Dmitry Peskov, the spokesman of Pres. Putin said media outlets in the United States and United Kingdom were attacking Russia and Putin with “loosely made up lies.” However, he said Russia is prepared to work with Western countries despite the “pinching and nibbling.”
Latest Western media attack against Pres. Putin
Peskov said Russia’s Presidential Press Office recently received a request for comment from a newspaper based in London and a media outlet in the United States regarding the alleged business connection of Putin—the latest example of Western media attacks.
According to Peskov, the media outlets submitted a “respectful,” but he noted that wording of the letters was almost similar, which raised his suspicion that it was a coordinated campaign. The media outlets were asking for comment about the alleged business ties between Putin and Gennadiy Timchenco, the co-owner Gunvor, a major oil trading company.
Peskov said that the media outlets emphasized that they need direct answers, and they would not accept general replies. Their letter also stated that if answers of the Presidential Press Office were too general, the media outlets would consider it as a refusal to comment.
“I was disturbed by their ultimatum-like tone and by their style that was more appropriate for an interrogation,” said Peskov.
Concerning the alleged business relationship of Pres. Putin with Timchenco and Gunvor, Peskov emphasized that the information about it were false, and Russia cannot treat it seriously.
He said, “All this information completely does not correspond to reality. This slander has been made up very loosely. We cannot treat it seriously.”
Peskov also noted that the media outlet’s request for comment regarding the allegations against Pres. Putin came when Russia and the West were trying to restore a dialogue despite some contradictions. He pointed out that Russia is willing to maintain a dialogue with its foreign counterparts despite the attacks.
Accusing Russia becomes a new sport
Last month, Peskov said accusing Russia of everything became a new “sport.” He made the comment after CNN reported that Russian hackers were responsible in hacking the computer system of the White House.
At the time Peskov said, “In regard to CNN’s sources, I don’t know who their sources are, but what’s most important is that they aren’t looking for any submarines in the Potomac River like what has been seen in other countries, [referring to the Swedish hunt for an alleged Russian submarine In October 2014]. We know that blaming everything on Russia has already turned into some sort of sport.”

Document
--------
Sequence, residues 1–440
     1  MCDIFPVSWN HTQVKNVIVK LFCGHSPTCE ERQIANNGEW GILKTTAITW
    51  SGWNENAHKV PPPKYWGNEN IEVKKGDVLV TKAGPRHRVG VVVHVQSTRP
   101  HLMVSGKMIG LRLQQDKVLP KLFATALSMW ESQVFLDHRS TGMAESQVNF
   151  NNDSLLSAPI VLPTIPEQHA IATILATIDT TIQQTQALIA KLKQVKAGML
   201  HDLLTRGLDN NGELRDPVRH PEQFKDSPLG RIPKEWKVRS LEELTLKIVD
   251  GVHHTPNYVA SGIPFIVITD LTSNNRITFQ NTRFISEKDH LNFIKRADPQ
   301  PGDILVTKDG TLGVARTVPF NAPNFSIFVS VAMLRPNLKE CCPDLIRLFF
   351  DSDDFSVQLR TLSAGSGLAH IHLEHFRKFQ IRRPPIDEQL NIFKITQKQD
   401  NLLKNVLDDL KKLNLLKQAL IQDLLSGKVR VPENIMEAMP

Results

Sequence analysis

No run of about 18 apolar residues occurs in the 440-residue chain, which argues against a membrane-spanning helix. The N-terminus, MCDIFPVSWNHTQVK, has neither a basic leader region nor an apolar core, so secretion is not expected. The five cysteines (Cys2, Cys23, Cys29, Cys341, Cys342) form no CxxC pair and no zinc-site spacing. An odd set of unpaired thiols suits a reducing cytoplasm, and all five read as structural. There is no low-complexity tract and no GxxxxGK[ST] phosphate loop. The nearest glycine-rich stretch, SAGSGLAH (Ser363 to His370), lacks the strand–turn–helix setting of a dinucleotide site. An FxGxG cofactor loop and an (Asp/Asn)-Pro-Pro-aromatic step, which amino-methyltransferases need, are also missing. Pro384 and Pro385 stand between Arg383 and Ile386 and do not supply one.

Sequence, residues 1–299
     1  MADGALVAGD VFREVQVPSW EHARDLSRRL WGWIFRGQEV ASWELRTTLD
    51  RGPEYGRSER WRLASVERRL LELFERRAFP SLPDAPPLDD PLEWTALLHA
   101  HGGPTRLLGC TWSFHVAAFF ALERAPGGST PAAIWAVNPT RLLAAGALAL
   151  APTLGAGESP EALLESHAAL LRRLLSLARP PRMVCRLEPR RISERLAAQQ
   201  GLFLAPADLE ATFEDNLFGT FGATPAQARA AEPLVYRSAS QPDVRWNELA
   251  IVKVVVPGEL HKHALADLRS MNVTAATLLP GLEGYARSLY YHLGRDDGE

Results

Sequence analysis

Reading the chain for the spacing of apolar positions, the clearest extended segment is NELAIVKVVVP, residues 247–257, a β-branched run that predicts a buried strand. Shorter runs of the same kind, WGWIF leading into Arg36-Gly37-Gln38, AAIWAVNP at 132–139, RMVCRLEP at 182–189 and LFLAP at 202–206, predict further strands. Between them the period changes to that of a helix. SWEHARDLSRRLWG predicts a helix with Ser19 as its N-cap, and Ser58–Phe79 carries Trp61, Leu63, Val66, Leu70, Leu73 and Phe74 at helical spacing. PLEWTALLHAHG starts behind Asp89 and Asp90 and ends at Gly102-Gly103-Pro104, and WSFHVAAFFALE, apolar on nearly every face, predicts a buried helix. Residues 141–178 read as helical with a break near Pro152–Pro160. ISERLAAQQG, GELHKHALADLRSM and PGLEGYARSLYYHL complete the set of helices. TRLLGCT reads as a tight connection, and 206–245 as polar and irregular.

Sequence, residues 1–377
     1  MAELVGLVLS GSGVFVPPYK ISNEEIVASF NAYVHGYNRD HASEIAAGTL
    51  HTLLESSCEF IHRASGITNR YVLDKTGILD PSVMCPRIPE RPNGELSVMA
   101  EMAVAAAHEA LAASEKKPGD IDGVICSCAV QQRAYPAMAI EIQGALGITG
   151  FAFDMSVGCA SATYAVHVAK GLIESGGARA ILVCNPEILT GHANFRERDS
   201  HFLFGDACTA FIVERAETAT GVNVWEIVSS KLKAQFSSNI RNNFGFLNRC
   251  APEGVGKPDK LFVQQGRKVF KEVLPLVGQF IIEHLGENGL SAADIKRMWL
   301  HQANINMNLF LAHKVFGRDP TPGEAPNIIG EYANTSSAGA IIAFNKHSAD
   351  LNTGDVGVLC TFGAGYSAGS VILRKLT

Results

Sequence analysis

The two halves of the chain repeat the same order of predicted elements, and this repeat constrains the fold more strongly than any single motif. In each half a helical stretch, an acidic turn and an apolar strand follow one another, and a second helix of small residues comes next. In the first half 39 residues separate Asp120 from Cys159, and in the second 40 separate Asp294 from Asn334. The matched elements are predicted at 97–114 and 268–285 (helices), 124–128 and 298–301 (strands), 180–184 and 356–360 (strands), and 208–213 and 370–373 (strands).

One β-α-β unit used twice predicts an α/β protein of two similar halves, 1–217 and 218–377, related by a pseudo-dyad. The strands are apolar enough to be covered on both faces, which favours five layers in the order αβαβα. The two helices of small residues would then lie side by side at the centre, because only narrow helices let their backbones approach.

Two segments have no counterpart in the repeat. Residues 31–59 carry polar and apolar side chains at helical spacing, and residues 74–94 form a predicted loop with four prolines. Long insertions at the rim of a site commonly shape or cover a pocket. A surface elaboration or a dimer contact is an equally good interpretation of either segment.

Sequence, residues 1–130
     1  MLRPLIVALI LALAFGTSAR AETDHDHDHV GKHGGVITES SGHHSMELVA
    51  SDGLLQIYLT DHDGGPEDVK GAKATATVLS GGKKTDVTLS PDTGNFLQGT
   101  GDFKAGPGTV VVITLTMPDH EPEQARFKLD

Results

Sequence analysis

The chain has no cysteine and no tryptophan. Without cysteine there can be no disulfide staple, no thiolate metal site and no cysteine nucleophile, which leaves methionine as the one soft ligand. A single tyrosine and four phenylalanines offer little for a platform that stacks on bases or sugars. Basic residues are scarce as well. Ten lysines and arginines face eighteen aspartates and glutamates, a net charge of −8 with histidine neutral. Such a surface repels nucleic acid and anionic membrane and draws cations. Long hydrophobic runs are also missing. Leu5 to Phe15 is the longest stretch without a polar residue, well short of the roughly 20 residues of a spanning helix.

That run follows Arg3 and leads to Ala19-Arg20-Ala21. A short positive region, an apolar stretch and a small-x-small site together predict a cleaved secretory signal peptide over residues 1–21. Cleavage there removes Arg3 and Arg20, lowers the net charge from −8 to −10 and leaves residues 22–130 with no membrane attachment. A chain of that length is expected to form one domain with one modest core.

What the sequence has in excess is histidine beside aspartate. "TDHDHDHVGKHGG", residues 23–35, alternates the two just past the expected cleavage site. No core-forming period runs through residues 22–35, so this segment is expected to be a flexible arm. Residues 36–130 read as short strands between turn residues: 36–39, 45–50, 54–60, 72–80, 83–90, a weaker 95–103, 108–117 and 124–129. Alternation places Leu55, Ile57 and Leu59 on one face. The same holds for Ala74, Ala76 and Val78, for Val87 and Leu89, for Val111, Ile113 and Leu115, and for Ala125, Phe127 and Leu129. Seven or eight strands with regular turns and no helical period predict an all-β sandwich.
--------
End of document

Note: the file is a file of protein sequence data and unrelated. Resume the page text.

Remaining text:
Russia cracks down foreign businesses and groups
A separate report from USA Today indicated that Russia is tightening control over foreign organizations and businesses supporting human rights. The action of the Russian government demonstrates the existence of an escalating tension with the West regarding the Ukraine crisis.
The Parliament of Russia passed a bill giving law enforcers a power to prevent undesirable foreign organizations from working in the country. The bill also stipulated that it is a crime for Russian to work for these organizations. The bill targets non-profit organization, but the wording allows authorities to impose a ban on foreign businesses. The bill still needs Pres. Putin’s signature.
The bill authorizes the Prosecutor General’s Office to declare “international non-government organizations that pose a threat to the constitutional order of the Russian Federation, its defense capabilities or the security of its government” as “undesirable” and prohibit such entities to operate in Russia.
Tatyana Lokshina, director of the Russia program at Human Rights Watch, commented, “The bill has the potential to severely damage our work in Russia. Nevertheless, I am genuinely convinced that it’s not about us. The intended targets of this new legislation … are actually Russian activists and Russian groups. The bill is aimed at cutting them off from their international partners.”
The Organization for Security and Cooperation in Europe (OSCE) asked Pres. Putin to veto the bill citing the reason that its wording was “broad and imprecise” and imposes “serious restrictions on a wide array of important democratic rights, including freedom of expressions .”